Jon Peddie Blogs
Posted by Kathleen Maher on April 29th 2013 | Discuss
Industry is facing the same issues all over the world - it’s just the timing that changes
If you care, I’ve been pretty much on the road since early March. I’ve enjoyed myself and I’m possibly smarter, though I’m further behind on my work with each airplane ride. In fact, at a certain point I may just have to stay out of town permanently rather than face the music about where various deliverables might be.
As you could read in this paper, I’ve been to SXSW, NAB, COFES, Smart Geometry, and the FMX conference. We haven’t quite gotten to writing up Smart Geometry yet, but it was at that conference where I had my big insight. One of the presenters declared that the construction industry was fundamentally changing. The big construction enterprise companies were becoming networks of suppliers that could come together for a particular project. Well, I was struck by that because I had been talking to people in the VFX industry trying to understand what is happening to vendors as long-established companies go out of business or are seriously downsizing.
I’ve been told work for the studios has fragmented; the large studios are keeping fewer resources in-house and outsourcing all parts of the FX pipeline. The simple jobs go to Asia, the hard jobs may go to local companies (or not). Companies have to change the way they bid for jobs and the ways they do them. Unfortunately, some companies went out of business before they figured it all out.
The construction industry has been lucky. Lucky because they went broke earlier, with the onset of the great recession and the continuing softness of the construction industry in the U.S. and Europe. A lot of basic work like drafting and conversion went to less expensive workers a long time ago. The AEC industry was supported for a while by China and the Middle East, but both of those regions had their own economic slowdowns. So, many large construction companies with teams and jobs all over the world have scaled down their workforce, and they’ve been figuring out ways to do more with less. The transition has done a great deal to help the cause of those who would see BIM (Building Information Modeling) becoming common in all of AEC.
Now, as the economy is coming back and the cranes are rising worldwide, the AEC industry is showing signs of strength that are likely to last for the next few years—barring some miserable, horrible calamity that could befall us any minute. In the M&E business, the problems in the industry have been growing, so it’s not like the current round of layoffs and closings should really come as a surprise, but workers are worried. It’s not that the work is going overseas. It is, but not totally. Rather, the work is going to those who can do it best and for the least amount of money. And, we are being told, it’s not as if fewer movies are being made and studios are cutting back on budgets for VFX. The software companies tell us they’re seeing plenty of ongoing work and new projects in the pipeline.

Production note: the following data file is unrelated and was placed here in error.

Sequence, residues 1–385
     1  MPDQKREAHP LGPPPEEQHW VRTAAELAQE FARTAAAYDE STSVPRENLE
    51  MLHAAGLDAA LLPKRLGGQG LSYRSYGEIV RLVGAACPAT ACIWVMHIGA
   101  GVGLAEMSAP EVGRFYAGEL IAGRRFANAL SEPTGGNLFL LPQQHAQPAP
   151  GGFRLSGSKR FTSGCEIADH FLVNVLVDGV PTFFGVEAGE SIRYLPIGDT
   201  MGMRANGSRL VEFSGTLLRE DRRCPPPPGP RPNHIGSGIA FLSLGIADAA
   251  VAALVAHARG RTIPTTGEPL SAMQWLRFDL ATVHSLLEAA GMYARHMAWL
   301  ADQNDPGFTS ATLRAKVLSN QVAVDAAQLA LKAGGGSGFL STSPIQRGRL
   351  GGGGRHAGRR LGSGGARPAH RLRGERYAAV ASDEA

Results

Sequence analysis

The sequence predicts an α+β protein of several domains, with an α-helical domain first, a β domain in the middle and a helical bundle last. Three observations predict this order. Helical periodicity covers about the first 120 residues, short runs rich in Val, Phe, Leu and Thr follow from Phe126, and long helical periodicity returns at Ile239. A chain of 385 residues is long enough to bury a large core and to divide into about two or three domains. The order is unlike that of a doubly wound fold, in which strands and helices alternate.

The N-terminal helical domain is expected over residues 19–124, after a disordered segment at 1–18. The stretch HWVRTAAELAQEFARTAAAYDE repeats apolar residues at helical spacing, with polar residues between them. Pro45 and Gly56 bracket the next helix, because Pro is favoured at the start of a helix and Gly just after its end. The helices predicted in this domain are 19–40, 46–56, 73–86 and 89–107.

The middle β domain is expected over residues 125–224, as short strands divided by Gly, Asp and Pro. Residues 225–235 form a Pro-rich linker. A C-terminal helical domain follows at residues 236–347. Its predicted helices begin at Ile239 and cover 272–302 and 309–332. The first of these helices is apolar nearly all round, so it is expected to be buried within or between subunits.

Two things are happening to put people out of work. Companies are relying on off-the-shelf software so they don’t need as many of those guys who do the heavy lifting on a project—the ones who can customize the software for new effects unlike anything else in the universe. The argument is that really talented people can do the work with the major tools on the market. The other aspect affecting jobs is that in order to meet the crazy budgets companies have agreed to, they’re going to have to do more with less. That means better management, better tools, and fewer people.
The bright spot
There’s always a bright spot, right? There are young people who are willing to work long hours for no money. They are not the bright spot, exactly. But, there are older people leaving the business because they’ve had enough. Okay, they’re not exactly delighted either. But, there is still a demand for talent and ingenuity, and not everyone who can run a particle system or a high-end CAD design tool has it. What has to happen is new jobs evolve from the destruction. For example, people who are talented at scanning, working with point clouds, setting up a BIM system, etc.—those people will have jobs.
In the film industry the story is pretty similar. Those who can make the newest systems sing and dance faster will have jobs. There are also going to be new jobs in old industries. As newspapers and magazines go online, they can’t rely on print; they must have video, slideshows, maybe a little 3D animation. How about augmented reality for the tablet?
There are going to be new jobs for creative people, but it’s important to keep surviving until those jobs come around.